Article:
1st November 2004
A number of Britain’s leading pollsters have today announced plans to launch the British Polling Council.
The objective of the Council is to ensure standards of disclosure which will give consumers of survey results that enter the public domain an adequate basis for judging the reliability and validity of the results. Through full disclosure the Council aims to encourage the highest professional standards in public opinion polling and to advance the understanding, among politicians, the media and general public, of how polls are conducted and how to interpret poll results. The BPC will also provide interested parties with advice on best practice in the conduct and reporting of polls.
The following companies are applying to be founder members of the new organisation:
- Ipsos MORI
- TNS System 3
John Barter, ex Chairman of NOP and a past Chairman of the Market Research Society has agreed to become President of the BPC. He will refer any questions raised under the rules of disclosure to an investigating committee comprising three people drawn from the Sub Committee on Disclosure. The following have agreed to serve on this sub-committee in a personal capacity.
- Simon Atkinson (Ipsos MORI)
- David Butler (Fellow of Nuffield College Oxford)
- David Cowling (BBC)
- David McKie (ex Deputy Editor of The Guardian)
- Nick Moon (NOP)
- Adam Phillips (A past Chairman of the Market Research Society and Chairman of ESOMAR’s Professional Standards Committee)
- Colin Rallings (Professor at the Local Government Chronicle Election Centre at University of Plymouth)
- Peter Riddell (The Times)
- Peter Kellner (YouGov)
The BPC invites applications for membership from organisations that are engaged in public opinion polling using sampling methods and weighting procedures designed to accurately represent the views of all people within designated target groups (such as all adults, or voters etc).
The BPC has been modelled on the successful National Council for Published Polls in the USA and BPC members are grateful for the advice received from the NCPP in starting the BPC.
Commenting on the birth of the new organisation John Barter said.
“The organisations that are seeking membership of the BPC recognise the need for uniform standards of disclosure about how polls are conducted so that consumers of poll findings have an adequate basis for judging the reliability of the findings and all the proposed founding members enthusiastically support this new Council. Once the Council is established readers of poll findings will have full access to information on how polls have been conducted, what questions were asked and how the data collected has been computed to produce the published results”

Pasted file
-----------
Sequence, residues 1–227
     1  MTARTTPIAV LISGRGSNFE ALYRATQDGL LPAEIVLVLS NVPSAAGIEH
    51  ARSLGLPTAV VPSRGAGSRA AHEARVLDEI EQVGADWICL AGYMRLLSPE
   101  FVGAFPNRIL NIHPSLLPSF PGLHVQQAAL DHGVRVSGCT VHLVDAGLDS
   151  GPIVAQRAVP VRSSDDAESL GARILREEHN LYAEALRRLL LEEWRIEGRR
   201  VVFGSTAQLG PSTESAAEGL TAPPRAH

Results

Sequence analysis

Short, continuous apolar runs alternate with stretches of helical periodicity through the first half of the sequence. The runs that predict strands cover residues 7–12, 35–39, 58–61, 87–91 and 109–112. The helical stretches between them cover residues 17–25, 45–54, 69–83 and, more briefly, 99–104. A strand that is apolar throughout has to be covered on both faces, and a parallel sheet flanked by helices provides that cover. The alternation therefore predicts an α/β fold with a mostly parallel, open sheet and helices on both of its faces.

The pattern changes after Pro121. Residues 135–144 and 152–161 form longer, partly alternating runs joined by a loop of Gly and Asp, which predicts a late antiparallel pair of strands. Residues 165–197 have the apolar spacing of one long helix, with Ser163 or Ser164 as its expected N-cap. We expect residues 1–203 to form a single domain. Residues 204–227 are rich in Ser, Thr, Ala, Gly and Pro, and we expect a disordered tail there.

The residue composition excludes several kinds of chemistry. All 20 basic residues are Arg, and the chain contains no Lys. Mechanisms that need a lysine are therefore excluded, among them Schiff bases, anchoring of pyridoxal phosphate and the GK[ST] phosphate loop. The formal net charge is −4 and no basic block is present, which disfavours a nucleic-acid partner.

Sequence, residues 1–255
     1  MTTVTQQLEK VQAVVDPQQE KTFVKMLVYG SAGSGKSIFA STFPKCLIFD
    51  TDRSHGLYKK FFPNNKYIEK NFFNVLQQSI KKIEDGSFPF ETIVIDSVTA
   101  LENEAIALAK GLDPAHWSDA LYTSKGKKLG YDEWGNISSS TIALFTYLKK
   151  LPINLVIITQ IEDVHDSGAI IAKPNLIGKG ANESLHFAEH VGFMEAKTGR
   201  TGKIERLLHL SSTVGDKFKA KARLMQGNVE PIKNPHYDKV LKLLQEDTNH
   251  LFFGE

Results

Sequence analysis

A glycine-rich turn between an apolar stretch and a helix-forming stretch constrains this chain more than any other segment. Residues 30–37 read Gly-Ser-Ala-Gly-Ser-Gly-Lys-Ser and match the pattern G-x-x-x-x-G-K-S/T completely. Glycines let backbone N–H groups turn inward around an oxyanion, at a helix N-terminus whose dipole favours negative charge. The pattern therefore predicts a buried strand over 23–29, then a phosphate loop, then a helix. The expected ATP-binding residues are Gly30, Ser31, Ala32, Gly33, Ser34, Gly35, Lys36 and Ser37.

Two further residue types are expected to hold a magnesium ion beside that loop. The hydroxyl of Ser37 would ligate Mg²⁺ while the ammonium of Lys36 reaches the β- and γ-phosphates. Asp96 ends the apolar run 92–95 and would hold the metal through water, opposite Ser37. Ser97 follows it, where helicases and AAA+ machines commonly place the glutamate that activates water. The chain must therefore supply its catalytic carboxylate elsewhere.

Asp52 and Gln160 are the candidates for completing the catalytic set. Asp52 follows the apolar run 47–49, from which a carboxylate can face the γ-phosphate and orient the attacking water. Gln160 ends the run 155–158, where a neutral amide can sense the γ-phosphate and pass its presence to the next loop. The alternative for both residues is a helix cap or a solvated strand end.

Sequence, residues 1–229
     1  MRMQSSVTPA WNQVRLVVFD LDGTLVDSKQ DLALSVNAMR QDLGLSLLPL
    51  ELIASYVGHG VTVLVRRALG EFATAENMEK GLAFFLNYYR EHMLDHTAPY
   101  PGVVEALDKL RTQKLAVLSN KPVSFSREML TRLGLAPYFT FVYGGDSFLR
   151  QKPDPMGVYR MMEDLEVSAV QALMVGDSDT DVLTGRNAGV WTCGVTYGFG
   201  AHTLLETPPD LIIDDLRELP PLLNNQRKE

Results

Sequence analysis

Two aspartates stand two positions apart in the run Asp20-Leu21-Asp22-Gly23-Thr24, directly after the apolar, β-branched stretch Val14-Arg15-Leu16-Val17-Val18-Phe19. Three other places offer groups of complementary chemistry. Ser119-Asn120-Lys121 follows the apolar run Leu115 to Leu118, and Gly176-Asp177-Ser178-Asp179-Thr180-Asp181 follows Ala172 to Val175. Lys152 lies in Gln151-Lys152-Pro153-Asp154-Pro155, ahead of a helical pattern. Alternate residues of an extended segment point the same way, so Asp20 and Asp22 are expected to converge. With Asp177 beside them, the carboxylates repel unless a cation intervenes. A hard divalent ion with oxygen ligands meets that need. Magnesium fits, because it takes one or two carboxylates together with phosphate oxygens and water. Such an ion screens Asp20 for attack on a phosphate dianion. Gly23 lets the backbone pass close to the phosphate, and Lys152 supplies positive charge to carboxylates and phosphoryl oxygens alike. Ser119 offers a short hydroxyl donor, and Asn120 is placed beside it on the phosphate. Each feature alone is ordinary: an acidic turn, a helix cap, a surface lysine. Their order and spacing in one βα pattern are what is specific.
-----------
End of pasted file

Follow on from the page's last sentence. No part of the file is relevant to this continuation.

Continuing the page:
The formation of the British Polling Council follows the publication of an Early Day Motion signed by more than 80 MPs from all the main parties which expressed regret at “the decline of self-regulation of public opinion polling companies in the United Kingdom” concern that “there are no sufficient checks on the integrity of polling or polling organisations” and expressed “concern at the proliferation of non-scientific/empirical polling, in particular the use of techniques designed to secure the results favoured by those who commission the polls, and lack of transparency in the methodology employed”.
The BPC shares these concerns. For these reasons its membership will be restricted to organisations that:
- set out to measure the opinions of representative samples scientifically, and
- uphold the principle of transparency.
In agreeing to disclose full information about how samples are drawn, how raw data are weighted, and the full wording of questions and answers, the BPC seeks to demonstrate its commitment to the highest standards and greater public understanding of the methods used to conduct representative surveys.
The BPC cannot extinguish the danger that non-members might produce unscientific, biased or opaque polls; it does commit its members to standards of disclosure that are intended to satisfy the legitimate concerns of the general public.